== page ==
What it means to Curate Cool

I’ve been doing a lot of thinking about my work lately….What I do, how I do it–you know, mundane stuff.

Only in my case the mundane stuff isn’t so mundane. It’s quite literally the stuff stories are made of and that’s what makes it fascinating.

Professionally I am a content creator-curator.

I work in the world of the Web, where bits of minutae flow across my gunwhales at speeds that far surpass most half-a-mil, high-performance automobiles on a looping race track.

On any given day, I rapidly parse, separate, aggregate, edit, reassemble and regurgitate exactly what has come over the sides of my tiny ship, into the stuff that makes sense of people’s lives.

I get paid to tell stories that make sense on a deadline-and that’s cool.

What has changed in my industry is how we build and tell stories (the medium) and how we disseminate them-and in my purview that’s all a result of the evolutionary phases of the Internet, in its most base form.

For illustration sake (and here’s the part where your writer apologizes for the baseness-but it proves my point) we’ll use one of the biggest Internet industries as the example: Porn.

The first phase of the Internet’s evolution was where Content came into its own. The  initial “killer ap” of the Internet was, well, pornography-and even porn is content.

Next came Commerce – this is where the subscription models and the Amazons of the world came to reside. This phase turned porn into the multi-million dollar business it is today.  (XXX it’s not go look at link)

Finally  Community arrived.  Now instead of exchanging nekkid pictures of one another over instant message or in a chat room, we share real life “porn” in the form of self promoting pictures on Facebook, Twitter (see also: Congressman Wiener’s unfortunate DM gaffe) and The hundreds of other social sites cropping up on a daily basis.   (Btw: Anyone now what ever happened to ChatRoulette??)

Sure, all these social platforms have rules against posting offensive content and they all enforce them as best they can- but as long as the human animal continues to seek approval and companionship through this thing called the Web, people will push the limits of risqué.

But here’s where things get interesting: a new phase of Internetolution is just beginning — the  phase of Curation.

In this phase the user-viewer demands a more transparent way to communicate with, interact  with and borrow from brands, public figures and storytellers. They look to on-screen tastemakers to identify with and cultivate cool and they borrow (and purchase) the things they see that make those creators who they are.

The curation phase stands to change the way we purchase, interact and consume information online. It stands to change our relationships with each other in a way we haven’t seen before. Curation is the cultivation of cool and it unifies the phases of the Internet by bringing a seamless, integrated experience, both on and offline, to the user-viewer.  (And P.S.: For those Puritans out there–curation is killing porn simply because it’s forcing major companies like Facebook and Twitter to clamp down harder on those who break the rules of decency)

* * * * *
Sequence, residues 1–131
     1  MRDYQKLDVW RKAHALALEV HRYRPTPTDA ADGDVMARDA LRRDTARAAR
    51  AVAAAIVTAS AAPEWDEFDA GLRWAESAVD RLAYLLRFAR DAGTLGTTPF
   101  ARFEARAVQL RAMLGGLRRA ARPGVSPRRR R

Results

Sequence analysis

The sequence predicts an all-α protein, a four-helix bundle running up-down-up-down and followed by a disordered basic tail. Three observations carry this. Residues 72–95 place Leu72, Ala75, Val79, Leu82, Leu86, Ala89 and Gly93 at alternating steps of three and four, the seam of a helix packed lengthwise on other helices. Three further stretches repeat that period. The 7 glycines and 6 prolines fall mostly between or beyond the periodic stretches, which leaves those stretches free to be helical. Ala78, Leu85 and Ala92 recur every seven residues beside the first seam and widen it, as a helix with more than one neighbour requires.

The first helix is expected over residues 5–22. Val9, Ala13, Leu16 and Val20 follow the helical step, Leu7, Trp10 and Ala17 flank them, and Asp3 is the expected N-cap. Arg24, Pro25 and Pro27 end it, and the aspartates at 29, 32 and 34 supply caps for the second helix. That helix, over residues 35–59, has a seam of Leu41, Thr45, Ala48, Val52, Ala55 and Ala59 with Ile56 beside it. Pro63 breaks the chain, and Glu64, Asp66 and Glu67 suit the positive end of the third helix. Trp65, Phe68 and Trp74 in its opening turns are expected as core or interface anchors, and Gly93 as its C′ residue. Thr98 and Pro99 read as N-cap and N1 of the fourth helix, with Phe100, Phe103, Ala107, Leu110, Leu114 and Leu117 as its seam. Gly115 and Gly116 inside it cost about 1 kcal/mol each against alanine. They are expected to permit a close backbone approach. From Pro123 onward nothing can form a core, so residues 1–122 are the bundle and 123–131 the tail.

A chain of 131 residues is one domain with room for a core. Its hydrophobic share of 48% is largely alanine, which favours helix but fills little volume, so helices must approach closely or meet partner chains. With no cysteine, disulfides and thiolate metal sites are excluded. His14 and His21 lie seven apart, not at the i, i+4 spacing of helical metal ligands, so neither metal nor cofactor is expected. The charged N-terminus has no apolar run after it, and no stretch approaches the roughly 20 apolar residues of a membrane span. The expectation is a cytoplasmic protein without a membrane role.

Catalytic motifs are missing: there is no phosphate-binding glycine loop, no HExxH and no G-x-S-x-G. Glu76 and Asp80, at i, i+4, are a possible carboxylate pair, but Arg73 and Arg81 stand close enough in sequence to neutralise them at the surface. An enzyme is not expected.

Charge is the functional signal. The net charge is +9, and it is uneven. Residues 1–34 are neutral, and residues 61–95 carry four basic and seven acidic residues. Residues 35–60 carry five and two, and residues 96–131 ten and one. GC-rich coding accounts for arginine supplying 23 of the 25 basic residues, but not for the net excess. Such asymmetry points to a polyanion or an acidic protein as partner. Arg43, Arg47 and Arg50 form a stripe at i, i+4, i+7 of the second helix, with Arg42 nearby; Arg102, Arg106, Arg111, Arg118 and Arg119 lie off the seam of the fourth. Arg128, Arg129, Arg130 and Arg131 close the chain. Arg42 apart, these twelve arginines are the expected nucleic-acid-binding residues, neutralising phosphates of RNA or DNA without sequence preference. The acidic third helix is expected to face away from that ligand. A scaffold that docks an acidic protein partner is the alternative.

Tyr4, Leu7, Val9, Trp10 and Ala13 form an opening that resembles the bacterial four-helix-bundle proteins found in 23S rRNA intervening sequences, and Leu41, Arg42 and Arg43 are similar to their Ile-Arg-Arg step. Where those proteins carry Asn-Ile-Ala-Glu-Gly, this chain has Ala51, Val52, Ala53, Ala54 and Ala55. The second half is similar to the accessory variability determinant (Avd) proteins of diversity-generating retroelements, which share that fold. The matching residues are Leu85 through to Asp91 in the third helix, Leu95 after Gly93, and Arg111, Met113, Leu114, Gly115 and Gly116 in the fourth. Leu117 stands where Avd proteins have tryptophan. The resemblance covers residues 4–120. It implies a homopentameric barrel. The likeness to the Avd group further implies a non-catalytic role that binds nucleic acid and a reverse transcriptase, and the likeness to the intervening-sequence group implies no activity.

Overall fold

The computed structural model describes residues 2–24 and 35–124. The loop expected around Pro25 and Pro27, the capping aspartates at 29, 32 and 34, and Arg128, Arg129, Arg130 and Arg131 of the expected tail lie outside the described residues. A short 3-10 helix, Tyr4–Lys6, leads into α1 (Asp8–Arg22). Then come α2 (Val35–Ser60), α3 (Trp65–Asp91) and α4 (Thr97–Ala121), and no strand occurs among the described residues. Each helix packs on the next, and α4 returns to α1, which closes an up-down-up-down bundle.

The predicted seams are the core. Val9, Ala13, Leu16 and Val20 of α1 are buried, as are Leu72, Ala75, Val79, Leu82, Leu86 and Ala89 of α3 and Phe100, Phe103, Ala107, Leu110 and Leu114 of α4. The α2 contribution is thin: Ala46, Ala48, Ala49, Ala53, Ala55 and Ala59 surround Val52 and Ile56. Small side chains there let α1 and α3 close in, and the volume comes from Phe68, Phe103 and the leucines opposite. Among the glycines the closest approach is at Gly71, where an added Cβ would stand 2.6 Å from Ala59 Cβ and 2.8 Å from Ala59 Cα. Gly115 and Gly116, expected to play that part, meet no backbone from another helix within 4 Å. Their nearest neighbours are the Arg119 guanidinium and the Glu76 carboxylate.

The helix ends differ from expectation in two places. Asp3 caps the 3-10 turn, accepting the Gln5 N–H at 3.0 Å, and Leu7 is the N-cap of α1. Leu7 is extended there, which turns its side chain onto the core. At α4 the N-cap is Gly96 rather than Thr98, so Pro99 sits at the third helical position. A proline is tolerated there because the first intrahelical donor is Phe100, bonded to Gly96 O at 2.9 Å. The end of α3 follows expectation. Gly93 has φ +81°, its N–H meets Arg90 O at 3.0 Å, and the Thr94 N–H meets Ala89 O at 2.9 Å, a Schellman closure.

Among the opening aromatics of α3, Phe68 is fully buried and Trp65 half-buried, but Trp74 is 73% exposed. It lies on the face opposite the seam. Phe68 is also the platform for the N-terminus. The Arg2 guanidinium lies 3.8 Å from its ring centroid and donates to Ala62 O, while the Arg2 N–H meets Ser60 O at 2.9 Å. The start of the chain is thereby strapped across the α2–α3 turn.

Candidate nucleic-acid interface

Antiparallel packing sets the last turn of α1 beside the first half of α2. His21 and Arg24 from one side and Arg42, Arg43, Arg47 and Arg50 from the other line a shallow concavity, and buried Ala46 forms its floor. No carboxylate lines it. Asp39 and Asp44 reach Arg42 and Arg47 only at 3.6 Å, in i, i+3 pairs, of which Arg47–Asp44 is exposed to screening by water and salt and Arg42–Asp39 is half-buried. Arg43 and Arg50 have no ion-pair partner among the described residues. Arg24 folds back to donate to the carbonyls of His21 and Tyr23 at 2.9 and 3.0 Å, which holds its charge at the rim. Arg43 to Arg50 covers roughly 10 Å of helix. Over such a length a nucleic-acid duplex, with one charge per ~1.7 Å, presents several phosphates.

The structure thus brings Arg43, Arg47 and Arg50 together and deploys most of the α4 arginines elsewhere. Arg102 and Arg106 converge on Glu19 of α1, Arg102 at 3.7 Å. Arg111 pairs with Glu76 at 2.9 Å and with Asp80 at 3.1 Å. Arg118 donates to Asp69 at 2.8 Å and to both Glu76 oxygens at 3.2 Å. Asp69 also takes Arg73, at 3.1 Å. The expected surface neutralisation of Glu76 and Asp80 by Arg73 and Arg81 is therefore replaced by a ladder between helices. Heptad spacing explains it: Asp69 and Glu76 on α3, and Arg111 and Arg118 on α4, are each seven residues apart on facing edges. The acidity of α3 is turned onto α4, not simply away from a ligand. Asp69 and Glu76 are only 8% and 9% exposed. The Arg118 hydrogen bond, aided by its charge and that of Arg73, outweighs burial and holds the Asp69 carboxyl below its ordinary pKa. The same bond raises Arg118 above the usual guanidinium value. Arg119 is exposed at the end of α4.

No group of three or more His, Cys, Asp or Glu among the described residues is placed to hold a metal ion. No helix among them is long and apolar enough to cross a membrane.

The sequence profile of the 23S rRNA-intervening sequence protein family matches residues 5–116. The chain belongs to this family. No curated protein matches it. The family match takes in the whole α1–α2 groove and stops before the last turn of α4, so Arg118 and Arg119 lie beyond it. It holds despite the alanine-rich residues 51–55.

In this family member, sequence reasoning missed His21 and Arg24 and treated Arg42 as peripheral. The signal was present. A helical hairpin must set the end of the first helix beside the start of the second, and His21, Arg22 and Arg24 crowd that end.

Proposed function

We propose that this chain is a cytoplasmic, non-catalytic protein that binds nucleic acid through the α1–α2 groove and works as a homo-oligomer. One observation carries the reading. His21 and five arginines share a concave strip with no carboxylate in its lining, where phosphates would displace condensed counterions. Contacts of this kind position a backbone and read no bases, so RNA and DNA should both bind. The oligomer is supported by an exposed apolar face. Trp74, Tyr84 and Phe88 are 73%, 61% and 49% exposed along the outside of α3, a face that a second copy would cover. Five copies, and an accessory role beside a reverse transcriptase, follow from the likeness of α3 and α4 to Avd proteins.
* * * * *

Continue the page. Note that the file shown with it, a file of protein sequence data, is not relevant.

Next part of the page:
By tapping into the emotional connections user-viewers have with the media we consume (regardless of how we consume it) creator-curators can engage and influence user behavior and consumption in the real world and even enhance human contact.

Humans are social animals–we want to relate to one another in physical and emotional ways. A television show, an article, a book, a movie, a webisode, a podcast, a radio show–they are all essentially curated worlds that engage the emotions of user/viewer and allows them the opportunity to take on the physical characteristics (a dress, a couch, a haircut) of those characters to define who they are (and who are not) to the rest of the world. Creator-curators bridge the gap between the user-viewer and the story.

This is the new, transactional storytelling. Connecting user-viewers to the story by allowing them to directly curate their own identity and create a deeper more seamless integration of brand and behavior is the new “killer app” of the Internet.    Curation, like any shift in an industry is picking winners and losers–and transactional storytelling is that destructive (and constructive force).

This is where this blog lives. I promise, if you stick with me,  it will be fun.

Abigail Bassett

Abigail Bassett is a full-time freelance journalist, content creator, and television, video, and podcast host whose work has appeared in publications like TechCrunch, Fast Company, Inc. Magazine, Forbes, Fortune, Motor Trend, Shondaland, Money Magazine, and on CNN. Her passion is telling unique stories that change the way we see, interact with, and relate to the world. She is also a Yoga Alliance Registered 500-hour yoga teacher.

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